FOR a pub situated between two graveyards, The Diggers in Edinburgh has plenty to make its substantial body of patrons smile about.
Officially known as The Athletic Arms, the 120 year old Victorian pub takes its nickname from a long association of slaking the thirst of grave diggers who needed a drink after a long, and presumably gloomy, day of burying the dead.
“It was not uncommon to have pickaxes and shovels resting against the bar in here after five o’clock,” said operator Kevin McGhee, who took on the lease with Star Pubs & Bars in 2010.
“So the pub started being called The Gravediggers locally, which over time became abbreviated to The Diggers.”
We get so much from Hearts that we want to give something back to them.
Although there’s no sign of any mud in the venue now, the pub has retained the best of its historic charm with tiled flooring, oak fittings, a marble-topped bar and maroon colour scheme which heralds the pub’s other association, to nearby football club Hearts – Tynecastle Stadium is less than ten minutes walk away.
“I always wanted to have my own pub,” said Kevin.
“I have always been a people person, the paperwork side of things not so much.”
After a few years in the trade, a chance to work at The Diggers presented itself in 2005; and when the lease became available five years later Kevin, having fallen in love with the Gorgie institution, wasted no time in securing it for himself.
Although there was the small matter of the new lessee’s allegiance to bitter rivals Hibernian.
Kevin is a dyed-in-the-wool fan of the Hibees – his Uncle Alex even played for Hibs in the 1970s – and he still likes to get along to Easter Road when he can despite running a well-known Hearts pub.
It hasn’t caused any problems on either side of the bar, however.
On the contrary, Kevin said there’s been plenty of good-natured banter with his Hearts-supporting regulars.
Kevin won BT Sport’s Manager of the Month for December for building strong links with the Jambos and their fans.
And when the club ran into financial problems a few years ago, The Diggers purchased shares in Hearts and held a number of fundraising events for the cash-strapped outfit.
Kevin said: “We get so much from Hearts [in terms of footfall] that we want to give something back to them.
“Last season we sponsored eight players and we have added to that by sponsoring new signing Steven Naismith’s shirt as well.”
Indeed, the relationship between the pub and Hearts fans is such that supporters’ forum Jambo’s Kickback helped fund a defibrillator for behind the bar, which all staff have been trained to use in the event of an emergency.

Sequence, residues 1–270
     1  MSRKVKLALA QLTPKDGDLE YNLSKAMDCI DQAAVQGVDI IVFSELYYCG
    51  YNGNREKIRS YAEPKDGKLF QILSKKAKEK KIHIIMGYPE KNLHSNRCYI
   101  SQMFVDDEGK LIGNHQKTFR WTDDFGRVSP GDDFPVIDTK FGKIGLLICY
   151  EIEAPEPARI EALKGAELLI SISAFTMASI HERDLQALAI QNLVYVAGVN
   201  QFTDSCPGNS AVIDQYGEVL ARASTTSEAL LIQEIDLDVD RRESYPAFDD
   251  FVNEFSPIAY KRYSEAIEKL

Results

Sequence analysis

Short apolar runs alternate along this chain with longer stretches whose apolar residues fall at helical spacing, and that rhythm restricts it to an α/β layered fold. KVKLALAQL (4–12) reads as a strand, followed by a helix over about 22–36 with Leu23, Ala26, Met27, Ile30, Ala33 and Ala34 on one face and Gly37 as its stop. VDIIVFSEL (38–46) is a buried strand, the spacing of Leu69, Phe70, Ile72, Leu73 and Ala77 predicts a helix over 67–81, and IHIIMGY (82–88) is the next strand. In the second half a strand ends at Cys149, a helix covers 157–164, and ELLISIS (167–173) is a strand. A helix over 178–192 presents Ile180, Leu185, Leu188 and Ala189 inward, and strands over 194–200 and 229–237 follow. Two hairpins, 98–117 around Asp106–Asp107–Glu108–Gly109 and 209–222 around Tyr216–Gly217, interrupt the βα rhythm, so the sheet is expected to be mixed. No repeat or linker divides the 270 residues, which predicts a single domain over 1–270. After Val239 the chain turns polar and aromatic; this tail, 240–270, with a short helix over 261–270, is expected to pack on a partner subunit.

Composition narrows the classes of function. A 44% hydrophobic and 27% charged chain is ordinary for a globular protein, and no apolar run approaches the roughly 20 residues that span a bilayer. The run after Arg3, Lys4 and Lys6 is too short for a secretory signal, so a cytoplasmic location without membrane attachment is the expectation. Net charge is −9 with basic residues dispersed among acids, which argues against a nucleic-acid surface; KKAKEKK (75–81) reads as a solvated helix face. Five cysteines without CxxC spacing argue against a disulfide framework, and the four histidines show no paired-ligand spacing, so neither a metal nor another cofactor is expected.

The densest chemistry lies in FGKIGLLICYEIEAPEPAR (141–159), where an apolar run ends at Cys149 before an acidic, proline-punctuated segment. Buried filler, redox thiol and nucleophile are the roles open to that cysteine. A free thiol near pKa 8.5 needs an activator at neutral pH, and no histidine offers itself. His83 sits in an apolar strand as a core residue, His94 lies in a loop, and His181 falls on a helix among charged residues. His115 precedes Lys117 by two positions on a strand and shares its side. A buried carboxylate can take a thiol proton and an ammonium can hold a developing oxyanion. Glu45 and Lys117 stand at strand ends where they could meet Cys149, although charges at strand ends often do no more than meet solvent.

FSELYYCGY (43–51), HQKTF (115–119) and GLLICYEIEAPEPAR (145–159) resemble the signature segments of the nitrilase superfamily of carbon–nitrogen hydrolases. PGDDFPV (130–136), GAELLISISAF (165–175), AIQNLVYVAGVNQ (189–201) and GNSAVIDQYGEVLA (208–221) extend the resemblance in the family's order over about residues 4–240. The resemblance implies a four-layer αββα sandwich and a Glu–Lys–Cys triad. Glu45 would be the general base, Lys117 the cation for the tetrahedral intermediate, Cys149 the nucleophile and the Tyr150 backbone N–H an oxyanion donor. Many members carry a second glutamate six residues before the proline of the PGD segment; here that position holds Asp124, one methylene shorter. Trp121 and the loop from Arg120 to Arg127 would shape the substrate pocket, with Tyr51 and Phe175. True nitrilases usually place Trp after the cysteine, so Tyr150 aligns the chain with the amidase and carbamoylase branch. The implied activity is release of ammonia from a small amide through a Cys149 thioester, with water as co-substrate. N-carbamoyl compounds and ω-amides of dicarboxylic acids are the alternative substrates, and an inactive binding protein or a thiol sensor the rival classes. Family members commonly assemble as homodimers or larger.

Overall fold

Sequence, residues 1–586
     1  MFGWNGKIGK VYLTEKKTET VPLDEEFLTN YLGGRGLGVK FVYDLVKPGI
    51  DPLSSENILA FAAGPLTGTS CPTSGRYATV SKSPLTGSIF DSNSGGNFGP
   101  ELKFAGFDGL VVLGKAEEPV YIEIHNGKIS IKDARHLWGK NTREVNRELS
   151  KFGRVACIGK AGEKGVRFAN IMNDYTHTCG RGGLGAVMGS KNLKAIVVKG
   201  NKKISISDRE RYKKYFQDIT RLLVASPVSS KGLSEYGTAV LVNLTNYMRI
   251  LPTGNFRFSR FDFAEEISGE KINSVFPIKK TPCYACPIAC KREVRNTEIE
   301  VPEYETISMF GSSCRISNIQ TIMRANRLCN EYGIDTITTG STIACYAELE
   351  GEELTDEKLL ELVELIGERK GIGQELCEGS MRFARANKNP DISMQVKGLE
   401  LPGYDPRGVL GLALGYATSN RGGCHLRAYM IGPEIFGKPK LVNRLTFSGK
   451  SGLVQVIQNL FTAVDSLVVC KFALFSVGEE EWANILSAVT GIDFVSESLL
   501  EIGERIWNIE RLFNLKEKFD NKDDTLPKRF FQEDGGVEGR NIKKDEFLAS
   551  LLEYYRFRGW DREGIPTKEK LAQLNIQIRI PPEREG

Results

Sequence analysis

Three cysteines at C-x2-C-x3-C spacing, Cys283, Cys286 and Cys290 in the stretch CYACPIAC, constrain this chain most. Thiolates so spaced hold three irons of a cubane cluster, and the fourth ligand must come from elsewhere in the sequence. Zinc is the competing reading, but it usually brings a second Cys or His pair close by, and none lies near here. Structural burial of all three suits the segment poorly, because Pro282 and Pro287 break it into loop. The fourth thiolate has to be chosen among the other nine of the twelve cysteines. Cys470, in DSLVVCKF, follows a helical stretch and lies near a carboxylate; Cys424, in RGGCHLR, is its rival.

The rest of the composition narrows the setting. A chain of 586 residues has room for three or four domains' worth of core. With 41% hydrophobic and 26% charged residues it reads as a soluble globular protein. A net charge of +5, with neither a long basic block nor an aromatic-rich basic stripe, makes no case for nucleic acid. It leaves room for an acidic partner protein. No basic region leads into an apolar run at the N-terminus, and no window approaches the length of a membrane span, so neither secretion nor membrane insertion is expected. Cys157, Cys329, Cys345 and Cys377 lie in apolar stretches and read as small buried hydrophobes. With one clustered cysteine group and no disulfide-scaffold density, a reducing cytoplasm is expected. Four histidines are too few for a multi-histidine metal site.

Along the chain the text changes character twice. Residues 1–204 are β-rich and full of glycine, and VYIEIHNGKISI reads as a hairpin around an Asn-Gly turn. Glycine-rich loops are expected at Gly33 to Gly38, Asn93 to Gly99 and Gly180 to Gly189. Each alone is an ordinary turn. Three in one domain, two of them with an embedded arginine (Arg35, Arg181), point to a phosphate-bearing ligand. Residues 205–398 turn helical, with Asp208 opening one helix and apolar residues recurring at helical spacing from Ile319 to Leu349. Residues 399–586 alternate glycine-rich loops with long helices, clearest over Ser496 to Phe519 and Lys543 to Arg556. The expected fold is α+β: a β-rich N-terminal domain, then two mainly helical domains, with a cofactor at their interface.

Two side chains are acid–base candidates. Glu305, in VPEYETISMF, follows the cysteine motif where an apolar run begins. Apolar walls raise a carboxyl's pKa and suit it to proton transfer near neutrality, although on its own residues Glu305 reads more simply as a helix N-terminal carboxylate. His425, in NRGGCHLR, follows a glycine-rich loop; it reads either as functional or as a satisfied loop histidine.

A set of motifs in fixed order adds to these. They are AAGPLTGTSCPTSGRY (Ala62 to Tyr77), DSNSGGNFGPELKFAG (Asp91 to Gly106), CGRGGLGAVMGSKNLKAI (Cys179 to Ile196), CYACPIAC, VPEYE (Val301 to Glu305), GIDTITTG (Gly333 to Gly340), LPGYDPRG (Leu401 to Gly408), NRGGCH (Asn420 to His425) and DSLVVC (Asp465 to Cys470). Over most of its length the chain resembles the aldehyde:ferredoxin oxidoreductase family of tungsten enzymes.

The pub gets packed out when Hearts are playing at home but Kevin said he and his pool of 18 staff members manage to work efficiently to get everyone served quickly.
“It can be challenging running the pub on a match day,” he said.
“It’s standing room only, but what we’ve managed to do is create a good atmosphere that means grandparents, parents and children can all come in and enjoy themselves.
“It’s less about singing in here and more about chatting with fellow Hearts fans and slagging me off.”
While football plays a key role in the pub’s offer, with live games on almost every night of the week, the bar has also picked up a great number of repeat customers from showing Six Nations fixtures; it’s in close proximity to both Murrayfield and Myreside, the current home of Edinburgh Rugby.
But Kevin pointed out that the pub is popular enough in its own right to not depend solely on sport.
I always wanted to have my own pub. I’m a people person.
“I always say the regulars pay my bills and the football is my profit,” he said.
When he first took over the pub eight years ago, his immediate move was to increase the bar’s whisky range (pictured below), which now numbers over 350, including a selection of rare drams.
He said: “Another thing we did was start our own whisky festival where we’ll have 40 malts at £2.50 for 35ml.
“We sell around 1200 nips a month and that’s just malts.”
Six casks and 14 kegs on at all times provides the variety the venue’s beer connoisseurs are looking for as well, whilst a recently-expanded food offer has been driving the wet-led pub’s revenues up 10% compared to this time last year, said Kevin.
He added: “We’ve been doing a lot more pies, toasties and nachos and were voted best pub pies in the city by Edinburgh CAMRA.
“It’s helping us in the afternoon due to the fact that we’re busy enough at night.
“We’re mobbed most nights of the week.”